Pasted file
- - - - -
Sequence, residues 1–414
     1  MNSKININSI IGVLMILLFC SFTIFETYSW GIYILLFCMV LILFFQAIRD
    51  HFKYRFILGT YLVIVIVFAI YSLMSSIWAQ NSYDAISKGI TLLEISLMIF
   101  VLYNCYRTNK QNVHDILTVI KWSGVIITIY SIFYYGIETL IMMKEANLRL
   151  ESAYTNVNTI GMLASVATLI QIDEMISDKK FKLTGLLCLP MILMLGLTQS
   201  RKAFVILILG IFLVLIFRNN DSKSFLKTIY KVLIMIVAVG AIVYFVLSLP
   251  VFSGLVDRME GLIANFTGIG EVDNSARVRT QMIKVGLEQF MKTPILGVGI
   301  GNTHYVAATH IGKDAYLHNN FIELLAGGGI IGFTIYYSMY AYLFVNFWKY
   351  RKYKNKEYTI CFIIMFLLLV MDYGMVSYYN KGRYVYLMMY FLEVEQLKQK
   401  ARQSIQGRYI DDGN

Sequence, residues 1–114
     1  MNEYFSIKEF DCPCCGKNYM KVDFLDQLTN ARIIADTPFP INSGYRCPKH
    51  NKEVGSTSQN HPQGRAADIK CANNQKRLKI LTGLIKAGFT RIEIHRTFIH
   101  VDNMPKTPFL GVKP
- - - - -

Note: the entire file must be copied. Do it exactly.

Sequence, residues 1–414
     1  MNSKININSI IGVLMILLFC SFTIFETYSW GIYILLFCMV LILFFQAIRD
    51  HFKYRFILGT YLVIVIVFAI YSLMSSIWAQ NSYDAISKGI TLLEISLMIF
   101  VLYNCYRTNK QNVHDILTVI KWSGVIITIY SIFYYGIETL IMMKEANLRL
   151  ESAYTNVNTI GMLASVATLI QIDEMISDKK FKLTGLLCLP MILMLGLTQS
   201  RKAFVILILG IFLVLIFRNN DSKSFLKTIY KVLIMIVAVG AIVYFVLSLP
   251  VFSGLVDRME GLIANFTGIG EVDNSARVRT QMIKVGLEQF MKTPILGVGI
   301  GNTHYVAATH IGKDAYLHNN FIELLAGGGI IGFTIYYSMY AYLFVNFWKY
   351  RKYKNKEYTI CFIIMFLLLV MDYGMVSYYN KGRYVYLMMY FLEVEQLKQK
   401  ARQSIQGRYI DDGN

Sequence, residues 1–114
     1  MNEYFSIKEF DCPCCGKNYM KVDFLDQLTN ARIIADTPFP INSGYRCPKH
    51  NKEVGSTSQN HPQGRAADIK CANNQKRLKI LTGLIKAGFT RIEIHRTFIH
   101  VDNMPKTPFL GVKP